"It’s not often that a small white plastic box holds so much promise. But that’s what I felt when I picked up North Somerset’s Bat Survey equipment from my local distribution centre.
"As a trustee of Long Ashton Nature, Community and Environment Trust (LANCE Trust), I understand how important it is to maintain and increase biodiversity within our parish and beyond. Collecting data on bat species is a great way of helping us achieve this aim.
"The LANCE Trust itself doesn’t have access to such specialist equipment, or the expertise to use it, but we know our local area and can guess the places that bats might favour. We also know most of the local landowners and can gain permission to survey their land. Though I’m not adept at downloading or uploading data or utilising different apps, the instructions provided by the University of Bath were straight forward and after some initial hesitation; I stepped away from the detector feeling very hopeful.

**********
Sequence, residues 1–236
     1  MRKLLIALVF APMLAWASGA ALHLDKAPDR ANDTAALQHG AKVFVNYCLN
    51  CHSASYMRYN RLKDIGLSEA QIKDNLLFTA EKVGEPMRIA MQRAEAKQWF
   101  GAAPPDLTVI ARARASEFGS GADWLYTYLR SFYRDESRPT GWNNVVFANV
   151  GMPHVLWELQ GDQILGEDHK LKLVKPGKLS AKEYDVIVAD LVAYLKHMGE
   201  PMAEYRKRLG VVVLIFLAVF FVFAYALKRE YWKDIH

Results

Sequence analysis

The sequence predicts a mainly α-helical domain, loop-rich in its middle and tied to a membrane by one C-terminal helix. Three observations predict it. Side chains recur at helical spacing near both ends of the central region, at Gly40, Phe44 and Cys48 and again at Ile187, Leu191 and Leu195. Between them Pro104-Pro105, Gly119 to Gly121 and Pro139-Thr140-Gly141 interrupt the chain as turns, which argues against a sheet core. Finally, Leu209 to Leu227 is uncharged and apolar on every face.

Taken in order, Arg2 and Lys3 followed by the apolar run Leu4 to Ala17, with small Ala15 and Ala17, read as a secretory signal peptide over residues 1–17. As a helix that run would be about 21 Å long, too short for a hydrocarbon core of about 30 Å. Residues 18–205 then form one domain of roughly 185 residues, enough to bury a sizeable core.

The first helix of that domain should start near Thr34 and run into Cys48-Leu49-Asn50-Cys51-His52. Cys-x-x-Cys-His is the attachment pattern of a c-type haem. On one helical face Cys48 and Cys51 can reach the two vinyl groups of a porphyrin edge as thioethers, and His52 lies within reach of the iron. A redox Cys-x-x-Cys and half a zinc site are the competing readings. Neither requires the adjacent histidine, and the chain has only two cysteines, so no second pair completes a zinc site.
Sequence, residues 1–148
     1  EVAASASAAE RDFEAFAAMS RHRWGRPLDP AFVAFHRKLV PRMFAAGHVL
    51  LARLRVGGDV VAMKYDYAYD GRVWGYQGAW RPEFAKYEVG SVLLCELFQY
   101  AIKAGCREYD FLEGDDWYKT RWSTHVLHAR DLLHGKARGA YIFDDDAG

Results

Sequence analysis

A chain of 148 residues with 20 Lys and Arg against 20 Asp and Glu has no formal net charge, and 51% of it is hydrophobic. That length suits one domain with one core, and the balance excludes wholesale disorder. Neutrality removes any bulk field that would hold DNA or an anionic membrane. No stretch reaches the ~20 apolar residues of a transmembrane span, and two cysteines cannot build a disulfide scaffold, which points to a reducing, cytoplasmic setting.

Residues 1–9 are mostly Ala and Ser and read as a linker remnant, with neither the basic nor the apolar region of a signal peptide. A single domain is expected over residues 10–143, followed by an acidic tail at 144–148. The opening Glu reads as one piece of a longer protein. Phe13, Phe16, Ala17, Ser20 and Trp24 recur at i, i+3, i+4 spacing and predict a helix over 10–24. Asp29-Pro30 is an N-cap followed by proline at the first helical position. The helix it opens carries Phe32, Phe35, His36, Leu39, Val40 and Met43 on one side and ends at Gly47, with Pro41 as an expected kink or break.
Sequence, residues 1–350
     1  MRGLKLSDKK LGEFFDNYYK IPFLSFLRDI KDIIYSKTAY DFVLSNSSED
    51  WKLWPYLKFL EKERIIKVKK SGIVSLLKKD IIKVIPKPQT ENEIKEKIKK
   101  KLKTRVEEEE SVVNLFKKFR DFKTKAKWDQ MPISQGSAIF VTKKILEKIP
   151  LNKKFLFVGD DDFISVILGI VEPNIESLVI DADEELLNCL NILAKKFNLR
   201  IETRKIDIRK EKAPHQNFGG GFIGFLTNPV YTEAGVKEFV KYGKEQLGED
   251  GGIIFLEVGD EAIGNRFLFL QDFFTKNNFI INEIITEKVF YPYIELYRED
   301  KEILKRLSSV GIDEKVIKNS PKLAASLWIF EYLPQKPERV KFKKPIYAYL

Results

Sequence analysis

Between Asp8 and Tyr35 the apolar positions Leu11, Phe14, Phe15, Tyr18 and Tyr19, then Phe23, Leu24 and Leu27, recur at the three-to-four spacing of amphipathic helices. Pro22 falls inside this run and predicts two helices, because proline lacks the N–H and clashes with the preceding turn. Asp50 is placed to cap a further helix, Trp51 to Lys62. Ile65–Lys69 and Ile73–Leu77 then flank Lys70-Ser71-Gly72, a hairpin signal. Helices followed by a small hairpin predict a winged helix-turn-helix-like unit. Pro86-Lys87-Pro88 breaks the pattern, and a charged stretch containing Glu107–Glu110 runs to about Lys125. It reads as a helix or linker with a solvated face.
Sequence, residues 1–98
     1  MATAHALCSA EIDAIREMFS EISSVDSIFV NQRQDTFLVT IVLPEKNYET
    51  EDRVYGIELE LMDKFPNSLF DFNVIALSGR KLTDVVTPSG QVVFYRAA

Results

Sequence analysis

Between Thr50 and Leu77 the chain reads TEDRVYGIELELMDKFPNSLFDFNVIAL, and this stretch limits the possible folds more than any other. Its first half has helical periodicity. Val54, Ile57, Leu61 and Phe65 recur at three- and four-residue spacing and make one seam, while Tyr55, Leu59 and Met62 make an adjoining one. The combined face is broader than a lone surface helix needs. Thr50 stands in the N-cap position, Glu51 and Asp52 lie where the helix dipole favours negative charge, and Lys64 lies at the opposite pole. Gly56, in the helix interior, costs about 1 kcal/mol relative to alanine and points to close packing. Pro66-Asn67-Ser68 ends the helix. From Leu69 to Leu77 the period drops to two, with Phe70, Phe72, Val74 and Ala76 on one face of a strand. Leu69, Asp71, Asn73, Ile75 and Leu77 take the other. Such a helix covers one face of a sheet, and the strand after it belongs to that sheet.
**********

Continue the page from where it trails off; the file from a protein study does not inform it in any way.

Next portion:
13 bat species - the same count as the Knepp Castle Estate!
"Then came the most exciting time of all. The BTO survey results popped into my inbox fairly swiftly after the upload. Though I can’t share the data, our first site has revealed a grand total of 13 bat species that is, amazingly, the same species count as the Knepp Castle Estate in West Sussex – well known for its astounding nature recovery programme.
"This is something to be truly proud of – and, hopefully, the powers-that-be will respect the biodiversity importance of results like this. And, who knows, maybe our next survey in this parish will beat this count. Our hopes are high."